Friday, March 27, 2015



The famine may be a difficult period of Irish history we’d rather forget, but every time I get a blood test the potato-less nightmare floods my mind. Having recently been diagnosed with hereditary haemochromatiosis- a condition I can barely pronounce, much less understand- I have been directly linked with my unfortunate celtic ancestors.

Simply put, haemocromatosis means your blood produces too much iron, which can cause chronic fatigue and fatal organ damage- if left untreated. Trouble is, most people don’t know they have it because it is relatively symptomless.

For those of you who think the haemo-what-dya-ma-call doesn’t apply to them- allow me to be the bearer of bad news. Unfortunately, it is nicknamed the ‘celtic gene’ for a reason. We here in the west of Ireland have the highest incidence of haemocromatosis in the world. Yes, the entire world.

In Europe between one in 300/400 have the potential to develop iron overload. In Ireland, particularly in the west, one in five people are carriers of the gene and one in 83 are predisposed to develop iron overload.

Why has the west of Ireland been cursed with this affliction you may ask? After countless studies, it is widely believed that haeomochromatosis may not have originated as a bad thing- in fact it may have saved the lives of our ancestors. Turns out, it is very likely that the Famine and a very poor diet contributed to a mutation of genes in order to absorb extra iron.

Recent research conducted by Dr. Thomas P. Duffy of the Yale School of Medicine explored why certain people survived the Great Hunger, concluding that the answers probably lie in their gene pool.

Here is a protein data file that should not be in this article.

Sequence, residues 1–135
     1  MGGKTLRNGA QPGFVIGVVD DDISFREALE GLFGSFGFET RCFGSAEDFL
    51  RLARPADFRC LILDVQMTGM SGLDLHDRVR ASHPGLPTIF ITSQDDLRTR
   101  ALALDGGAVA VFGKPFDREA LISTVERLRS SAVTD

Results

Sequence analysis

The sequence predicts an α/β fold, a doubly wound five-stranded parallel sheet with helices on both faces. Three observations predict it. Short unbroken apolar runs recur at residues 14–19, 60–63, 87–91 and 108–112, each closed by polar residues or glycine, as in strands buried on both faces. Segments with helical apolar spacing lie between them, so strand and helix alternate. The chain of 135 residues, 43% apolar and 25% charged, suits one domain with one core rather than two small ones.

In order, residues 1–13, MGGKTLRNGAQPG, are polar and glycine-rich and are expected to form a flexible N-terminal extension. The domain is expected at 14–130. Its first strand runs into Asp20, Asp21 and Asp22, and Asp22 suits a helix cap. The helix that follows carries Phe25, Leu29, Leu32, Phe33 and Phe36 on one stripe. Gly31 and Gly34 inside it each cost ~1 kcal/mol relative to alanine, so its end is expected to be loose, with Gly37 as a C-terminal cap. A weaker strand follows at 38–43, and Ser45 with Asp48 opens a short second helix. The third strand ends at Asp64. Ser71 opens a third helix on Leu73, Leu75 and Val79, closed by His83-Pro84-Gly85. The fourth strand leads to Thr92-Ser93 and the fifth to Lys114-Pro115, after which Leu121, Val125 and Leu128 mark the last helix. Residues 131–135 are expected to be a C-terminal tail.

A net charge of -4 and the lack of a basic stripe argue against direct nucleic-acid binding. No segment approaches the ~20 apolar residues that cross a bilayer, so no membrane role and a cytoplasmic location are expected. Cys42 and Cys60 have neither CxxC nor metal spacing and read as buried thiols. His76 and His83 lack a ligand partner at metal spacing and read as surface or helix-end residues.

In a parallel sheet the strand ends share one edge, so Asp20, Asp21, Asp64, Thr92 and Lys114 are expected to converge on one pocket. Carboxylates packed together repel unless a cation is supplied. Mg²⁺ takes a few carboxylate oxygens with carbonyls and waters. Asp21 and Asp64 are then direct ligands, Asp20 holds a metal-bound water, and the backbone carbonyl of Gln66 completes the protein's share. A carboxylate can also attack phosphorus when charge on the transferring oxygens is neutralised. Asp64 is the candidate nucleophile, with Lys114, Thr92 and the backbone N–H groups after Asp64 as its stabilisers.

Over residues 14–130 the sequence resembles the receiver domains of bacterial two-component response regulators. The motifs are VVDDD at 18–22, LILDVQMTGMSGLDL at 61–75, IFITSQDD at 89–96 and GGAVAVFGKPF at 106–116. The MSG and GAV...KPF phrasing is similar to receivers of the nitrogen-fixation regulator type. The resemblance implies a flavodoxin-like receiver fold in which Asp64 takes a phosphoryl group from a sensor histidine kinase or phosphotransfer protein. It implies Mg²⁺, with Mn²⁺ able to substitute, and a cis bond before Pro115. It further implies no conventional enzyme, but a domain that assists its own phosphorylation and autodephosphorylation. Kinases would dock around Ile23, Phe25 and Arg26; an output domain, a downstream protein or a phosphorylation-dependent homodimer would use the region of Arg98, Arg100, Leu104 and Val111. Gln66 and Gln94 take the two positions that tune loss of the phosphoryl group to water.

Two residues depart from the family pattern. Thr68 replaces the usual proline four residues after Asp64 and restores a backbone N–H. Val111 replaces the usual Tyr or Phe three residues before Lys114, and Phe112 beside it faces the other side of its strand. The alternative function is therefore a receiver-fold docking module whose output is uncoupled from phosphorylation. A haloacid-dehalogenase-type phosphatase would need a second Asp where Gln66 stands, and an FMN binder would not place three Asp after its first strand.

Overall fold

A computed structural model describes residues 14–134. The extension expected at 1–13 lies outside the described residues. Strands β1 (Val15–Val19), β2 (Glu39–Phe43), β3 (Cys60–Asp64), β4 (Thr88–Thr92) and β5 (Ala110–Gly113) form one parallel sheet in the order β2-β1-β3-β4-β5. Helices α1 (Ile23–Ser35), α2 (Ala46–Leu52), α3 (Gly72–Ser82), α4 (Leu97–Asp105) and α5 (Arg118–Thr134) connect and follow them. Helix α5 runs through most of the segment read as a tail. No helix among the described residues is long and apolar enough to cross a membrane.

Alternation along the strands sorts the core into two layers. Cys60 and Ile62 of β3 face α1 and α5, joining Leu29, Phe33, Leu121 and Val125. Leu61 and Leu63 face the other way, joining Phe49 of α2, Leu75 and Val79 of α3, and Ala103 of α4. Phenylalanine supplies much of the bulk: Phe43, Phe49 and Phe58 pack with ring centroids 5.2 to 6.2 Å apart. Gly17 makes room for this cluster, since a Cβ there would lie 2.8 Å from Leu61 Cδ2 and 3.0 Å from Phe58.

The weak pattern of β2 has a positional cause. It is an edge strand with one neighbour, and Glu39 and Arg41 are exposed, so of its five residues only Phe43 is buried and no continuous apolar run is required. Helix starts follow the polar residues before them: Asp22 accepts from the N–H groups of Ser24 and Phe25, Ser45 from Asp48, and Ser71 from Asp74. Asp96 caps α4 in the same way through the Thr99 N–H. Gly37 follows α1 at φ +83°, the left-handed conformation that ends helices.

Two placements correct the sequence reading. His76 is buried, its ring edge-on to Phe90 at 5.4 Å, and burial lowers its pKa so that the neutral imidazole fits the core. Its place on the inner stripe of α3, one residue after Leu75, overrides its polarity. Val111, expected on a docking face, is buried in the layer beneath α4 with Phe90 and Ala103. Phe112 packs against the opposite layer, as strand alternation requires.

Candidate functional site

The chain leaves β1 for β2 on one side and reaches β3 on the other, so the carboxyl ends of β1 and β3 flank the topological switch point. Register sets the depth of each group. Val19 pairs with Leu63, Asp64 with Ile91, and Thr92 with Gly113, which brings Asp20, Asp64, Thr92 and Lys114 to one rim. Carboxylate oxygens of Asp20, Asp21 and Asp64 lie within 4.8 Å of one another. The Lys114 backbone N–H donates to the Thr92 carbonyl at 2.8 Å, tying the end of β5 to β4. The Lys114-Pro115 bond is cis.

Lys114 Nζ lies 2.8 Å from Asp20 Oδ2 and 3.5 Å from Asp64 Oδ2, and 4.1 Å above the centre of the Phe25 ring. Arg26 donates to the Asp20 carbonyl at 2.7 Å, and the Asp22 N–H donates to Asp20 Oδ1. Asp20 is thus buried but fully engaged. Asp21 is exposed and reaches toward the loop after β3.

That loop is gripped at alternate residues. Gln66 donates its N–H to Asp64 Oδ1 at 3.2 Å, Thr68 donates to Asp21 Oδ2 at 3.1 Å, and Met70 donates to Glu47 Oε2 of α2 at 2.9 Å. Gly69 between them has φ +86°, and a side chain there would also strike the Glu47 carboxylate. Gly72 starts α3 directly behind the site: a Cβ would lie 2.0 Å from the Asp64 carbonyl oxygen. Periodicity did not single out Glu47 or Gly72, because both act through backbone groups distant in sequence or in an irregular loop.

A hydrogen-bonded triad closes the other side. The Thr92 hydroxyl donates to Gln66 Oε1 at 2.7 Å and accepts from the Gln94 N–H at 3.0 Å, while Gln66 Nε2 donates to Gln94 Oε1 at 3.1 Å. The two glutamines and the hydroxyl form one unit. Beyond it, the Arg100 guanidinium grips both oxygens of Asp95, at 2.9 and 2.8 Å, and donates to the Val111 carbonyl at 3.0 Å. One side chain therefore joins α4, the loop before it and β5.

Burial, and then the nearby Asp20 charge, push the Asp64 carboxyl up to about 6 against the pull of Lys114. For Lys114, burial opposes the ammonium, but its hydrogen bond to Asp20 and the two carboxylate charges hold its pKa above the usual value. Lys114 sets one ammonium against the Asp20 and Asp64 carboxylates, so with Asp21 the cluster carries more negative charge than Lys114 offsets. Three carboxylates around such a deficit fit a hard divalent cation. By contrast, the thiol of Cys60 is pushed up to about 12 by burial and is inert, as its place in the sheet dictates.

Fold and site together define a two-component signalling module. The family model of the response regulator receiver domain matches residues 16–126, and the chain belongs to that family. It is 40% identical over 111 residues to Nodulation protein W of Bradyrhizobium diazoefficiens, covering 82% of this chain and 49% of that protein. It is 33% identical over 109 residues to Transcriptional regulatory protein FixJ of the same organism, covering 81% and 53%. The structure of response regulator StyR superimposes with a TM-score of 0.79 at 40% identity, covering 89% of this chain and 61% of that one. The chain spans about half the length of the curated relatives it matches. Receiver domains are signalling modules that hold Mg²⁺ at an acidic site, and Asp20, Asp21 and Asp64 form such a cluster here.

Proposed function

According to his findings, “levels of an essential factor in iron delivery are reduced in malnourished individuals. A further contribution to a negative iron balance among the Irish was their heavy consumption of tea. Tea contains tannins that complex with iron in the gut and inhibit its absorption.”

Dr Duffy found that those without the gene would have died in disproportionately large numbers during the famine- since iron is one of the most critical elements within the body.

“The Great Famine with its life-destroying absence of adequate nutrition magnified the importance of possession of the HFE gene for hemochromatosis. A concentration of individuals with the gene would occur among the survivors.”

It is a bitter sweet revalation- thinking survival of the famine could have left me with dodgy blood. As of yet though, this widely accepted theory has not been definitively proven. Dr Duffy suggests that screening of famine immigrants in America and Australia would identify the gene and further the evidence to support it.

Meanwhile in Mayo, doctors regard the condition as very common, and something which should be tested for, if possessed by any relation.

Achill GP Dr Jerry Cowley says he’s on the look out for haemocromatosis all the time, and encourages people to follow it up with their families.

“Certain things like haemochromatosis are quite common in this neck of the woods and we need increased awareness of it. We often find tiredness and chronic fatigue are the main sign that someone might have the gene,” he said.

For me, a long road of blood tests lie ahead. Turns out my period is good for something- as menstruation usually balances out the iron levels. If my iron should overload, however, I will need to get my blood drained regularly. Sounds gruesome I know- but doctors just take the same amount as your bog standard blood donation, approximately 1 pint. Besides that, because I was diagnosed young I have a normal life expectancy, and the celtic gene of course- so I’ll survive.

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By Tracey May Halloran
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